A European strike against Ryanair won't work, the airline predicts
Brussels (AFP) - Ryanair cabin crew members from five European countries will go on strike on September 28, threatening hundreds of flights, a Belgian union said on Thursday.
Staff from Belgium, the Netherlands, Italy, Spain and Portugal will stage a stoppage on the Irish no-frills airline, the CNE said, after several European labour unions met in Brussels.
“Unfortunately, discussions continue without results,” CNE delegate Yves Lambot told AFP at the meeting, describing negotiations with Ryanair management.
Ryanair workers – pilots, ground staff and cabin crew – are demanding improved working conditions and want their contracts to be based on the law in their country of residence rather than Ireland.
“They have promised to change our contracts into national contracts by 2022. This is too late for us. We want 2019,” Lambot said.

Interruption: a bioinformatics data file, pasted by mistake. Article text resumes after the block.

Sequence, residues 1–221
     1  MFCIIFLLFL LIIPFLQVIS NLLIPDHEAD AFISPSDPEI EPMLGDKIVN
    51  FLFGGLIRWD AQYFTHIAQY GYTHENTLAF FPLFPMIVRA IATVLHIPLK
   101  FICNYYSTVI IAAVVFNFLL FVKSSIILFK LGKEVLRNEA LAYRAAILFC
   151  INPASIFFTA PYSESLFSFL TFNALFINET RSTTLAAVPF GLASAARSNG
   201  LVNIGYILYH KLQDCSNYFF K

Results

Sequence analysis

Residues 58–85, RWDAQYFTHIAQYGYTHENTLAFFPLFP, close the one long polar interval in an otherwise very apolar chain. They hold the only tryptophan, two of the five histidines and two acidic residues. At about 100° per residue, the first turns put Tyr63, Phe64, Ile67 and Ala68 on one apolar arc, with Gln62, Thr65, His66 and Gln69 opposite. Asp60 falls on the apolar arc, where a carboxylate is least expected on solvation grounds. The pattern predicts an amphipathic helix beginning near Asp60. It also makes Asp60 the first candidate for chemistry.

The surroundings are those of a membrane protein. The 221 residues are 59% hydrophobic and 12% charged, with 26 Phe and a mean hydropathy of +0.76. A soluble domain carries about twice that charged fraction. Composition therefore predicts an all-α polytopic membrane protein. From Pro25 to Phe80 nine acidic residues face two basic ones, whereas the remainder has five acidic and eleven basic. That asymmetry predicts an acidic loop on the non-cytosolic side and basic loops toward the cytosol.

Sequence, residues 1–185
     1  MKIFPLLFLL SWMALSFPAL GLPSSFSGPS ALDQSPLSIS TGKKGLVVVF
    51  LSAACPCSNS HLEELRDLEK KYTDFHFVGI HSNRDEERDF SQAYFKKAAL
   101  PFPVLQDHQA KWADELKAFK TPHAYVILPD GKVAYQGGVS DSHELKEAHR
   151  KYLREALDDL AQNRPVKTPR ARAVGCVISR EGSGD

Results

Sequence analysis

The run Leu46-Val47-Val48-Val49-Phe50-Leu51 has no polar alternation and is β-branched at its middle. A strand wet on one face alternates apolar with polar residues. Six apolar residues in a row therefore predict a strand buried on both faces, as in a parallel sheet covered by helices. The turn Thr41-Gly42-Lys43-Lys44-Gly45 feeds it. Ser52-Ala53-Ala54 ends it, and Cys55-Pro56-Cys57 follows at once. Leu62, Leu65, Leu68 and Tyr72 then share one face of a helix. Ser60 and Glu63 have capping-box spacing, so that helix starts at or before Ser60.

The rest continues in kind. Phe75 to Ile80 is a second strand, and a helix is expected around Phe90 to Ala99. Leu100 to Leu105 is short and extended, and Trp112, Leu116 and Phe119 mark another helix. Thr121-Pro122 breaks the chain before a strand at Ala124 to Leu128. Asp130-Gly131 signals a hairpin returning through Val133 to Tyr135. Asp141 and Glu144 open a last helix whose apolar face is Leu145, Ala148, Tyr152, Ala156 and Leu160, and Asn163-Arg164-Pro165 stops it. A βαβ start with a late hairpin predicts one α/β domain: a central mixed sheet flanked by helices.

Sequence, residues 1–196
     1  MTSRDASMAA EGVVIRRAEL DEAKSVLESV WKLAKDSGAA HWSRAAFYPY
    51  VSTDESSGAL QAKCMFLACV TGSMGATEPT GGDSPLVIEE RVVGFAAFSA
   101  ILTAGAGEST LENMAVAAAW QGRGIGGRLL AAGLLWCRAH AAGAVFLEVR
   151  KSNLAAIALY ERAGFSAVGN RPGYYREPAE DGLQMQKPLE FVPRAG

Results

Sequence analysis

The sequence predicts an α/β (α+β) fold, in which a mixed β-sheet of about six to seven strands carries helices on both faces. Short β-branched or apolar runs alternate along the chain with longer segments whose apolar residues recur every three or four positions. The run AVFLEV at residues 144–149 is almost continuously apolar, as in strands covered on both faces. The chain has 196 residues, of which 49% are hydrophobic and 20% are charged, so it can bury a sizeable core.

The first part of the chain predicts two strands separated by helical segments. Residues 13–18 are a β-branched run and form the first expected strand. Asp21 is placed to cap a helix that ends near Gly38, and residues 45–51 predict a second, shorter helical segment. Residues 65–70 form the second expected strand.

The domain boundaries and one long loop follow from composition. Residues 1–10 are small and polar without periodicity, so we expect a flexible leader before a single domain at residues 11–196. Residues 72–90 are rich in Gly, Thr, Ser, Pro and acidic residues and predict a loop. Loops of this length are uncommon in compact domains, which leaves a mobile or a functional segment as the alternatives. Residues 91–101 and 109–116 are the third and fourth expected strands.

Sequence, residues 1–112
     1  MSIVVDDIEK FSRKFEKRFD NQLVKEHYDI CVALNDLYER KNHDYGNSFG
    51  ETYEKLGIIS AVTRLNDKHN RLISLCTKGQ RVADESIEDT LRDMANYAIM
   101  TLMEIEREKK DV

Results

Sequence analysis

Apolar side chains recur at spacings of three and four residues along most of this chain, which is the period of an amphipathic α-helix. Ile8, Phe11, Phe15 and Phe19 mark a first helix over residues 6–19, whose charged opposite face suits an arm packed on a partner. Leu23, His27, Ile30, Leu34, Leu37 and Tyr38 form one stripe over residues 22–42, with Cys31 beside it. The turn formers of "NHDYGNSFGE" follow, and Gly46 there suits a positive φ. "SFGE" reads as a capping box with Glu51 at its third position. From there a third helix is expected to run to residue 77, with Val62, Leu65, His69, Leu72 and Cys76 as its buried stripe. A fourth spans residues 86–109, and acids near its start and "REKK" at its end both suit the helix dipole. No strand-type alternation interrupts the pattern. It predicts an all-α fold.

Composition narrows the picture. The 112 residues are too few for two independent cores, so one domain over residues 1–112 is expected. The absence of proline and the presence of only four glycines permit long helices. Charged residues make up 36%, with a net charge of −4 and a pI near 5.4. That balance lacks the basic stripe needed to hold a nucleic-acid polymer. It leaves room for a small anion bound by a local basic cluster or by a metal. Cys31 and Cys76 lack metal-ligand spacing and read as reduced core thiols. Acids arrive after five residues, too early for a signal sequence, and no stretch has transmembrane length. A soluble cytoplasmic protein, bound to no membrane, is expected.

Shortly before the announcement in Brussels, Ryanair insisted that the strike would fail in its attempt to cause “travel chaos”.
“The overwhelming majority of Ryanair’s flights and services that day will operate as normal,” the company’s chief marketing officer Kenny Jacobs said in a statement.
The September 28 strike will be the biggest strike in the company’s history according to the unions.
It comes after a strike in five countries in August, which forced the cancellation of 400 flights in the middle of the holiday period, affecting 55,000 passengers.
On Wednesday, the company suffered a 24-hour cabin crew and pilot strike in Germany prompting the cancellation of 150 out of 400 flights.
A typically combative Ryanair CEO Michael O’Leary described it as a “failure”.
“We are not easyJet, we will not roll over every time we are threatened with a strike,” O’Leary told reporters in London, mocking a rival low-cost carrier.